Which Joe gave his name to ‘sloppy joes’? We look at five interesting sandwiches and their lexical origins.
A long, thin slice of fish or meat, rolled and stuffed with a filling.‘paupiette of trout served in a hollowed blood orange’count noun ‘paupiettes of sole’
- ‘In this connection it is interesting that, although the standard French word for these rolls is paupiettes, there is an alternative name, alouettes sans tête, literally ‘larks without heads’.’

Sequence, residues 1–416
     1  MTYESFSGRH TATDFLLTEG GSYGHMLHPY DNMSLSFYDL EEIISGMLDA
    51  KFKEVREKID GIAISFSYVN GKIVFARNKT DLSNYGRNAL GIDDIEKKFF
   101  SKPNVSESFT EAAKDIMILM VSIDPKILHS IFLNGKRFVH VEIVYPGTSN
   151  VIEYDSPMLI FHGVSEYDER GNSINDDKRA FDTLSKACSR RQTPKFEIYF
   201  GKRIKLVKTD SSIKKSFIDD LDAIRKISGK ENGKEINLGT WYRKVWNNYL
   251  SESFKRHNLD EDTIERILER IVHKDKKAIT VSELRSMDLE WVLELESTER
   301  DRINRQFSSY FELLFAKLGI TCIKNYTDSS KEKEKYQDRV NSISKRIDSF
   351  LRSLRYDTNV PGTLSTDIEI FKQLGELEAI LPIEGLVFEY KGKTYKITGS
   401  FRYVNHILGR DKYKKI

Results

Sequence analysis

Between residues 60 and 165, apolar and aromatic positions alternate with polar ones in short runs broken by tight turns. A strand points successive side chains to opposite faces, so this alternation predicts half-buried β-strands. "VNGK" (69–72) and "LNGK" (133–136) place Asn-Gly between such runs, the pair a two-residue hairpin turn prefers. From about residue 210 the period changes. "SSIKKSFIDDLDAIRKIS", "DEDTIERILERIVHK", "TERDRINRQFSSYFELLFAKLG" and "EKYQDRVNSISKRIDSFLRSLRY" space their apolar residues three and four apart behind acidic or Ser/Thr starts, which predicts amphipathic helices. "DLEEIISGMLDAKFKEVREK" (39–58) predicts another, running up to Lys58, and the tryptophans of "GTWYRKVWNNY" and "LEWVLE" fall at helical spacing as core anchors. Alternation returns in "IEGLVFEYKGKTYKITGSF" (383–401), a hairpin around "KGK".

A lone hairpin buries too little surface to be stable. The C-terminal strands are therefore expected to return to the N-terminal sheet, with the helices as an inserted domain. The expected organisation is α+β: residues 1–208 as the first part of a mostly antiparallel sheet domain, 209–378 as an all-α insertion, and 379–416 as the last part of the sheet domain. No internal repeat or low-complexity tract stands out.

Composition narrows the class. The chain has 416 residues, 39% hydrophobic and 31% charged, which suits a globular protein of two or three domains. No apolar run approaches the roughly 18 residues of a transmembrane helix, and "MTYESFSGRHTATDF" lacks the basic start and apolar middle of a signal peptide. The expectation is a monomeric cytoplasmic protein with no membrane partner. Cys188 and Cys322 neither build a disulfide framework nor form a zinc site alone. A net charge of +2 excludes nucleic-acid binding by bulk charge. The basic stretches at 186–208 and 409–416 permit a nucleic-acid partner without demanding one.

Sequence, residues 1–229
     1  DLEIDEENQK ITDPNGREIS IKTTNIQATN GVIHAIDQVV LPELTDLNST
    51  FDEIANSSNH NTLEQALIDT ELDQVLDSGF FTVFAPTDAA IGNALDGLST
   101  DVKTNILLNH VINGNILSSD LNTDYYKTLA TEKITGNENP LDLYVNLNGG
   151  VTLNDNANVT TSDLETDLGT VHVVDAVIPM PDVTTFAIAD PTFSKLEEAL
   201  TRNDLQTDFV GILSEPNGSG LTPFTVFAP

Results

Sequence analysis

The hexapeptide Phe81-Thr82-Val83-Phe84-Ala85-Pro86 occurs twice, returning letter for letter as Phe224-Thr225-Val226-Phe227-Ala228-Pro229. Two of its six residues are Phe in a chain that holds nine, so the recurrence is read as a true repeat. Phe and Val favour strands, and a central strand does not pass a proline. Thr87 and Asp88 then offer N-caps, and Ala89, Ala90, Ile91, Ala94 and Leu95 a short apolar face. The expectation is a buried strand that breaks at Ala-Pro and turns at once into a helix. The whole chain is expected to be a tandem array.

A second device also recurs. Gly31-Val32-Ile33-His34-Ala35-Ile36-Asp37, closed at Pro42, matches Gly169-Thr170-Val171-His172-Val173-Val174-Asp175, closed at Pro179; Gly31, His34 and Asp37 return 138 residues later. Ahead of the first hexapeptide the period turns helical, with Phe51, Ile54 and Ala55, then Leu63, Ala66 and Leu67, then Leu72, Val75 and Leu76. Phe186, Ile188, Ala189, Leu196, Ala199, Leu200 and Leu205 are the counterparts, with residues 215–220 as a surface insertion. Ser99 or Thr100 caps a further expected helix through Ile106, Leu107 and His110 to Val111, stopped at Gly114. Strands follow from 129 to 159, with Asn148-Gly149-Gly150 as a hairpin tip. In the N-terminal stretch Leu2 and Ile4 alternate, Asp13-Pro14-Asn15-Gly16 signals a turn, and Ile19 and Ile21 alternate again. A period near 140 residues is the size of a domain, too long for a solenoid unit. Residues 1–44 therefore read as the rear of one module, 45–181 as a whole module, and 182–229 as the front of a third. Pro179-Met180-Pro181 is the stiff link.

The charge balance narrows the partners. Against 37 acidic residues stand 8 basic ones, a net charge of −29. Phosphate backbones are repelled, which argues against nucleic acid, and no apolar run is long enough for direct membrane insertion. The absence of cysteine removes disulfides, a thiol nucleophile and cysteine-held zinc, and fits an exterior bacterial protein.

- ‘As the captains of industry, top professionals and politicians tucked into the fine roast beef or paupiette of sole, the IFI workers headed home.’
- ‘The next course was a paupiette of N.Z. lemon sole with smoked salmon and potato crust in a saffron-dill sauce.’
French, probably from Italian polpetta, from Latin pulpa ‘pulp’.
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The definitions of ‘buddy’ and ‘bro’ in the OED have recently been revised. We explore their history and increase in popularity.